RESEARCH CLUSTER: Paradise Lost Review

by Mark Campbell, Research Cluster Leader
AA Intermediate Unit 1 Tutor

1 November 2012

AA Lecture Hall, London

 

The Paradise Lost AA Research Cluster is concerned with the notion of architectural obsolescence. Or, perhaps more accurately, how the ‘unplanned obsolescence’ of architecture occurs within the United States, a country obsessed with its own decline as the world’s preeminent superpower. “America may not be over,” as the journalist Frank Rich recently noted, “but it is certainly in thrall to the idea.” This collective “mourning in America,” to use his twist on Ronald Reagan’s famous presidential slogan, not only illustrates a “wave of nostalgia” (borne of a shared desire for historical amnesia), but also the increasingly frazzled state of the union.

 

This sense of Declinist panic is apparent in such recent political tomes as: Suicide of a Superpower; Ameritopia: The Unmaking of America; Coming Apart; It’s Even Worse than it Looks; and That Used to be Us: What went Wrong with the America. Together with such populist films as The Hunger Games, in which impoverished teenagers fight each other to the death on TV, and Andrew Dominick’s Killing Them Softly, conceived as “a metaphor for the ills of American capitalism,” in which the central character concludes, “America’s not a country, it’s just a business”.And it is this exactly this sense of disenfranchisement that — in our terms — speaks of the longing for a Paradise Lost.

 

Our means of considering the architectural consequences of this loss is simple. If the popular notion of the United States depends on the heroic potentiality of work — of an aspirational paradise symbolized by the Fordist production line — then we are examining the obverse. Of that which isn’t work. With our examination of these remnants questioning the architectural consequences of a state in which when everything is redundant what is it that persists?

 

Aptly enough this research began with a single image. One of an abandoned building on a street of similarly abandoned and shuttered buildings, set within an almost vacant city alongside the Mississippi River. History, as Walter Benjamin reminds us, is not only comprised of such images, but also is itself an image. And our research has been interested less in what these images describe, than an attempt at understanding what they are about.Following this lead, we have been examining the work of a lineage of photographers — Walker Evans, Robert Frank, William Klein, Garry Winogrand, William Eggleston, Jacob Holdt, Stephen Shore, Joel Sternfeld, and Mitch Epstein — who have all sought to consider the United States in imagistic terms. Searching through these images it is striking how certain visual tics recur, with these persistent ghosts including household appliances, beds, refrigerators, the interiors of seedy rooms, barbershops, diners, oversized cars, objects of devotion, indeterminate bodies, guns and — by way of an obvious example — TVs.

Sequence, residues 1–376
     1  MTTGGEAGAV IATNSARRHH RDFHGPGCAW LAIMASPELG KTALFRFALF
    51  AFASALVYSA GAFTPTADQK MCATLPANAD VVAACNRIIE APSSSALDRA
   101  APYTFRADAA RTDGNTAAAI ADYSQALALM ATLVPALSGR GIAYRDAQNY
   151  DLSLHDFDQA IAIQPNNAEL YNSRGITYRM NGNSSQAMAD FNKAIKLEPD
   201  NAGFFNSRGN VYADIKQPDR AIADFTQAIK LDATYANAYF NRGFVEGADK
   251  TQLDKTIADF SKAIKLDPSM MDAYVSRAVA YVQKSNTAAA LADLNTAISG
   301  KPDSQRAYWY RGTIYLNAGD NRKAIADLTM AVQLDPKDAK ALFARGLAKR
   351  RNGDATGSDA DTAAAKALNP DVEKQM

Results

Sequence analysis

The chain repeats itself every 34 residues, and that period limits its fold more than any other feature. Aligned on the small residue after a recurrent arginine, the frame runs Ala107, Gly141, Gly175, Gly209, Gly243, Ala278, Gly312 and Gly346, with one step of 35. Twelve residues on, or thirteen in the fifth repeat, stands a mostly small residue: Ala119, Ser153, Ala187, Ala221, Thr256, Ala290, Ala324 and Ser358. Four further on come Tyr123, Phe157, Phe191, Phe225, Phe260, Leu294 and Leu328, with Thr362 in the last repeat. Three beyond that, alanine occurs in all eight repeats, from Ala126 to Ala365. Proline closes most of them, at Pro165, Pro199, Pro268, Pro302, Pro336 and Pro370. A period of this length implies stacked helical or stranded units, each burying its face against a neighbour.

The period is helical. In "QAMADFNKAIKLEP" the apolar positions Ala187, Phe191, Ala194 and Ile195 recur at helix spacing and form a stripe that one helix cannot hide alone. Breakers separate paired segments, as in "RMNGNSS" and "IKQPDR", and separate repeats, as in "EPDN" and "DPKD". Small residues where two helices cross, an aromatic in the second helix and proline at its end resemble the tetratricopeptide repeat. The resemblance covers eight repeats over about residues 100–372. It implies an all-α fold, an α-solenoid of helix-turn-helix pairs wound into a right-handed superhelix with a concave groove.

“Television”, as the writer Don DeLillo once offered, constitutes “the primal force in the American home . . . It’s like a myth being born right there in our living room, like something we know in a dream-like and pre-conscious way”. In his travelogue America, the French philosopher Jean Baudrillard recognized a very different — if interrelated — dream-likeness to that espoused by DeLillo, the former Fifth Avenue copywriter. “Television knows no night,” he suggested, “it is perpetual day. TV embodies our fear of the dark, of night, of the other side of things”. In short, it seeks to mitigate our fears, obscuring what it is truly ‘about’ (while also simultaneously manifesting it) through the incessant transmission of images. In acknowledging this condition, the cluster has begun to explore how this ethereal cathode light — cast by the multitude of TV sets inhabiting these photographs — not only gives light to the architectures they describe, but also illuminates the residues of these paradises lost.


Stephen Shore, Stampeder Motel, Ontario, Oregon, July 19, 1973 (1973)

 

For more information:

Paradise Lost website

Inter 1 Unit Blog